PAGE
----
Jesse Norman MP
About Jesse

The Rt Hon Jesse Norman has been the Member of Parliament for Hereford and South Herefordshire since 2010, and is Financial Secretary to the Treasury. He has been married to Kate since 1992, and they have three children.

Wide experience

Jesse was educated at Merton College, Oxford University, and has a Masters and PhD from University College London. He worked for and later ran an educational project giving away medical and other textbooks in Eastern Europe from 1988-1991. In 1991 he went to work at Barclays, mainly on eastern Europe and other emerging markets. He left Barclays in 1997 as a Director in order to teach and do research in philosophy at UCL, and later at Birkbeck College. He was an Honorary Fellow at UCL in 2005-10, and a Visiting Fellow at All Soul's College, Oxford in 2016-17.

A lifelong volunteer, Jesse has personally raised more than half a million pounds for charity. He has also been a school governor of an inner city comprehensive and  worked for nearly a decade with the Roundhouse arts centre and urban regeneration project, which has helped many thousands of disadvantaged young people. He has been a board member of the Hay Festival of Literature and the Arts, and patron of many other local charities.

Jesse has been a Conservative since university. He worked to help Oliver Letwin MP retain his seat in West Dorset during the 2005 General Election, and stood as a Conservative candidate in the 2006 Council elections. He has acted as a policy adviser to George Osborne MP, the Shadow Chancellor, and to the Shadow Work and Pensions team. In 2007, he took time out to advise Boris Johnson on his successful campaign to become Mayor of London.

As Financial Secretary to the Treasury, Jesse is responsible for tax policy and HM Revenue & Customs, and for the National Infrastructure Strategy, National Infrastructure Commission and Infrastructure Projects Authority.  He has been very closely involved in the Government's response to the coronavirus pandemic.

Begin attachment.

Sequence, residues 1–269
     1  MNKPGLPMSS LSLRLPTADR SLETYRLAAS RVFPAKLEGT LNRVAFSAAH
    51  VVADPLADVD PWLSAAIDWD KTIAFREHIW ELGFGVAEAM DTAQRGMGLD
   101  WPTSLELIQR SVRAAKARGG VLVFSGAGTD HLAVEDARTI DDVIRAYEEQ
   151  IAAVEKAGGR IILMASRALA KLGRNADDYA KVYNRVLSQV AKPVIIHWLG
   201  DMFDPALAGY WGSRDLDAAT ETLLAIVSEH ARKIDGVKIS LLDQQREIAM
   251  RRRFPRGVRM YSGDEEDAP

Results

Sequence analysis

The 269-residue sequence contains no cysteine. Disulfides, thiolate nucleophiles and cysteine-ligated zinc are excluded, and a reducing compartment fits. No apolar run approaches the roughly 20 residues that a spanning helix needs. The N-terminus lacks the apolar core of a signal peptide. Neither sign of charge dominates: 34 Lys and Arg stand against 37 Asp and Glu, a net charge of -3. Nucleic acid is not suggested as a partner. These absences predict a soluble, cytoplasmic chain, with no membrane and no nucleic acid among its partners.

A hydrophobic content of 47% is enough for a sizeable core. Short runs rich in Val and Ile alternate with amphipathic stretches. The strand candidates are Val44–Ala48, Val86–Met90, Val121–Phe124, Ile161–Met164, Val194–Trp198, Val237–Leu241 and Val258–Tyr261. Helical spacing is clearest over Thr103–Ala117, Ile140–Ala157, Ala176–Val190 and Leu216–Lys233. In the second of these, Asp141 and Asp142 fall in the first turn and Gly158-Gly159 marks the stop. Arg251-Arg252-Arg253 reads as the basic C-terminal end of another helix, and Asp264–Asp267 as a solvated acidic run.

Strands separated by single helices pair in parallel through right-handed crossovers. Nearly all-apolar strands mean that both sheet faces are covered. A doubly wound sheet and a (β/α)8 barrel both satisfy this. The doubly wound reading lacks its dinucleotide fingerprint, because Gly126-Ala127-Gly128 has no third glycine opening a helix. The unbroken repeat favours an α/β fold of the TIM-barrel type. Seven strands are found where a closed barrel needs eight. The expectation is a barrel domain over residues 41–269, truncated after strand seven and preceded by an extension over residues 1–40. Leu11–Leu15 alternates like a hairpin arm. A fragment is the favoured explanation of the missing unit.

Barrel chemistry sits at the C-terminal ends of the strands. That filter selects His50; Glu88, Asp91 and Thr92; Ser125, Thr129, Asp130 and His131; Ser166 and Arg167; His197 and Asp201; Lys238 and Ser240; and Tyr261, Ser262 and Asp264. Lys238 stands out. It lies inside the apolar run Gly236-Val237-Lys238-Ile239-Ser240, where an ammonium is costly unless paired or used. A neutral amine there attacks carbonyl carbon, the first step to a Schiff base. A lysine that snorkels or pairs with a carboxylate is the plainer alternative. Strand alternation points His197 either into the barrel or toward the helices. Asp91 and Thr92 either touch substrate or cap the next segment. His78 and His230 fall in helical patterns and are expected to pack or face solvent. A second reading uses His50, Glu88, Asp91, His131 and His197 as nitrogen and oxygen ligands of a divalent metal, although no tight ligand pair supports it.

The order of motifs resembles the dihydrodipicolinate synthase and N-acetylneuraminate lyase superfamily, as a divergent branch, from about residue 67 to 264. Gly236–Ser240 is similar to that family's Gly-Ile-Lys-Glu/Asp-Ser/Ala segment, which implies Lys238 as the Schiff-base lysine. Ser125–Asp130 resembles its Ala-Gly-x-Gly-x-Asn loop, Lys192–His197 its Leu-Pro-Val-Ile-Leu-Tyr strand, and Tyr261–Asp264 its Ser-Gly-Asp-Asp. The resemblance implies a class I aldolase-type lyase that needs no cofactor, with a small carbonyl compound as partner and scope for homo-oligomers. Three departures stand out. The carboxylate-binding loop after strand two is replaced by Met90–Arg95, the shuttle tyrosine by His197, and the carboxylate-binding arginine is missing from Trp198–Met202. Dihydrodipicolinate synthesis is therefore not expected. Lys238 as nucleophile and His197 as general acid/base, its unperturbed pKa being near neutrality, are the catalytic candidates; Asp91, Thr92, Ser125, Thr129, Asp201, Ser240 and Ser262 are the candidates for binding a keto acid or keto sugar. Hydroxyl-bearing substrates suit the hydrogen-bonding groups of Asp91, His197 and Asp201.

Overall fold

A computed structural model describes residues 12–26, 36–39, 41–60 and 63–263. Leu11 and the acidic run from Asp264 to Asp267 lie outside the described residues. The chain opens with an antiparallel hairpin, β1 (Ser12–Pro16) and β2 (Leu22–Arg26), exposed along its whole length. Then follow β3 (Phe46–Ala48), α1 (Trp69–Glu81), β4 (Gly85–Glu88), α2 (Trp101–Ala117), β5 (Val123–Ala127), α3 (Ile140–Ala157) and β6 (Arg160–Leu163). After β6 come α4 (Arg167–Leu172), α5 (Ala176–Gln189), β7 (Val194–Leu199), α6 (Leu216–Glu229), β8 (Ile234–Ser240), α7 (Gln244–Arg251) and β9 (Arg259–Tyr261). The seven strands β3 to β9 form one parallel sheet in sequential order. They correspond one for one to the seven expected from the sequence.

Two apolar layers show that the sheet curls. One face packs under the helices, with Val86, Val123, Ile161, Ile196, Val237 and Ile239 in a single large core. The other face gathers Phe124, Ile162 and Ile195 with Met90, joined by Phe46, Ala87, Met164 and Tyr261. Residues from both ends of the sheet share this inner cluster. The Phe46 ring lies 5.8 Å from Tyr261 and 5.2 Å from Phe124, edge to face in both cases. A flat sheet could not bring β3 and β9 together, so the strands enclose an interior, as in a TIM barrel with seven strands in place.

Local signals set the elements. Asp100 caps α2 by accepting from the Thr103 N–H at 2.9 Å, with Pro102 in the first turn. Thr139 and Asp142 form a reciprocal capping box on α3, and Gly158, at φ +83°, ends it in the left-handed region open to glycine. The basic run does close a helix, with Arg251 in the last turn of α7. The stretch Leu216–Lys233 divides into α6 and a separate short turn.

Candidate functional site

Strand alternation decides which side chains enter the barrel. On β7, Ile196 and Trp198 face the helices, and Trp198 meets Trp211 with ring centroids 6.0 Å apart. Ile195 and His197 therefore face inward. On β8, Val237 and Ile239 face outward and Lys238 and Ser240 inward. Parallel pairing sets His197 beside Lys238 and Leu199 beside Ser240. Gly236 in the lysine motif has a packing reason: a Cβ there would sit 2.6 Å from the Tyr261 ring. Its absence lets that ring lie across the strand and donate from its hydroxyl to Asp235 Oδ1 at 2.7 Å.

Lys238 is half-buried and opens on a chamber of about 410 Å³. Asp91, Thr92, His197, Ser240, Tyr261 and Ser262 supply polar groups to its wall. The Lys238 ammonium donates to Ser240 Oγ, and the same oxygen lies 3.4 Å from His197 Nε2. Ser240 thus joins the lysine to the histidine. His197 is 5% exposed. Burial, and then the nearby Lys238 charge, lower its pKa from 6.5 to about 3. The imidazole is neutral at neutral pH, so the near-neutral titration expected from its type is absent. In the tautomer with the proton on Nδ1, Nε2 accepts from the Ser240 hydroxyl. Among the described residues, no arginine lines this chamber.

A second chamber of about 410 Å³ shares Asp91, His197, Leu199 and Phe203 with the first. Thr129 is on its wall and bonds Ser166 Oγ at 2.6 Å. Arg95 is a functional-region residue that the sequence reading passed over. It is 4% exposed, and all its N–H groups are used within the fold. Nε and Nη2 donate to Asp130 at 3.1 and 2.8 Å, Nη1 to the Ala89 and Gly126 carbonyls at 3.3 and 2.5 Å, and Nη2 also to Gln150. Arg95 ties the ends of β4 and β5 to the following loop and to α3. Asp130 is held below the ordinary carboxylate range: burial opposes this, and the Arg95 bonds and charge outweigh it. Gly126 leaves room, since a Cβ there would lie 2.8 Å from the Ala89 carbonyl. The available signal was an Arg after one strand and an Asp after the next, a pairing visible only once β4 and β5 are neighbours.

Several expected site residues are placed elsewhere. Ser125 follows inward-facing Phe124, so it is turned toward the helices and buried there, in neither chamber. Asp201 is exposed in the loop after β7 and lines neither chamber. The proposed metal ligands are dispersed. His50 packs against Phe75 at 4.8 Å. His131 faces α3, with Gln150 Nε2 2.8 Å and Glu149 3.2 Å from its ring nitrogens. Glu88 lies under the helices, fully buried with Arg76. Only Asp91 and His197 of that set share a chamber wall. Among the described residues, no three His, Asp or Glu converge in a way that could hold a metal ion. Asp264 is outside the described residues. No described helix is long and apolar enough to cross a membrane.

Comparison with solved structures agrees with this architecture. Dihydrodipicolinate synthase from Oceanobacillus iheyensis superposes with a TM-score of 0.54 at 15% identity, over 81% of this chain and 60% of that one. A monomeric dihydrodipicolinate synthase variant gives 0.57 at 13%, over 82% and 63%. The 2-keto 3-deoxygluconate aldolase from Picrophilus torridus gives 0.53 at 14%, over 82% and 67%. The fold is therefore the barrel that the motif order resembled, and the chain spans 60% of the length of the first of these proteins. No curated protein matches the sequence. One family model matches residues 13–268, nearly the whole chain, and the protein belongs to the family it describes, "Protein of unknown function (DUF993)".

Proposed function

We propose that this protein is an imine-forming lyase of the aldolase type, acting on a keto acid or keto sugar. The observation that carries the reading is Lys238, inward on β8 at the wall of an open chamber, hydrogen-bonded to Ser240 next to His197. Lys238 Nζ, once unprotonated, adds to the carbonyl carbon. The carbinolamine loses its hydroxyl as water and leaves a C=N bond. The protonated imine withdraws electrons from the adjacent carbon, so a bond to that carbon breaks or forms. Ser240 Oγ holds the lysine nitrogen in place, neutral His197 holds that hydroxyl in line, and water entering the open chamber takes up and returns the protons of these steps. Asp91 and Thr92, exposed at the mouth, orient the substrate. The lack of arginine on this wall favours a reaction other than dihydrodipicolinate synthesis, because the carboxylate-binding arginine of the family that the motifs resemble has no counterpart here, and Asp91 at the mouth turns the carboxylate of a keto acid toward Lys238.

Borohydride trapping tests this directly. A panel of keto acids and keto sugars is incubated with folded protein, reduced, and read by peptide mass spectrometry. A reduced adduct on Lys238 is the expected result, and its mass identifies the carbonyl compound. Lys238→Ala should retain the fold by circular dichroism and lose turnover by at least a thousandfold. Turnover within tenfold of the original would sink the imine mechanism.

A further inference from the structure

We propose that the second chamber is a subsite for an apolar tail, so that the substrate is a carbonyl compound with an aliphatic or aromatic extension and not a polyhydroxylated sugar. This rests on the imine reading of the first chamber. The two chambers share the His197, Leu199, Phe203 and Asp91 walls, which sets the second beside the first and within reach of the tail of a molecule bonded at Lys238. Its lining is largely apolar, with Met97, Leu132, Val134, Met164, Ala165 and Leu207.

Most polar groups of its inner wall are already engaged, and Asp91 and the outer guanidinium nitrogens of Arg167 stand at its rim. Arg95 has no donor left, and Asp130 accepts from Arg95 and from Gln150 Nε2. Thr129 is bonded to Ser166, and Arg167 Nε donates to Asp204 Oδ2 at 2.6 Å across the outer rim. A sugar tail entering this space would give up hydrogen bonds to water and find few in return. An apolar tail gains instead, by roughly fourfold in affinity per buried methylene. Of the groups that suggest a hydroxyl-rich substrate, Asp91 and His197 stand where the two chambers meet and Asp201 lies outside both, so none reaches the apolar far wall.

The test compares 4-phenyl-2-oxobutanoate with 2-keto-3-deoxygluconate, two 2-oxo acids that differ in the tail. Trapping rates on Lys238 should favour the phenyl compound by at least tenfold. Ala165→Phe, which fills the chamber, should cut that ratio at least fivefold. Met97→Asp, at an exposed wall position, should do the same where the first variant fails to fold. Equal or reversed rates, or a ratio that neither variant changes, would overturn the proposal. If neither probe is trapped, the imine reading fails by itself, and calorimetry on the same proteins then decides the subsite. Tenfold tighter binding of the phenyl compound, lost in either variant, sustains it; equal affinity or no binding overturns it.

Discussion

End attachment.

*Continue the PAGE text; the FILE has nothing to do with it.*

image/svg+xml

Jesse Norman with Chancellor Rishi Sunak and members of the Treasury team on Budget Day 2020.

 

 

Local campaigner

Jesse was selected as a parliamentary candidate in December 2006 in an open primary contest. Since then he has campaigned actively on key local issues, fighting to improve public services and for a stronger voice for Herefordshire in Whitehall and Westminster. His campaigns are regularly featured in the Hereford Times, Hereford Journal and Ross Gazette.

Amongst other things, he led a successful campaign to improve local broadband services, was county-wide co-ordinator of the Herefordshire Save Our Post Offices campaign, and set up SchoolsFirst.org.uk as a resource to help all those fighting school closures. He was closely involved in securing Government investment in the Enterprise Zone at Rotherwas, and more recently the successful bid by Hereford for Stronger Towns Fund.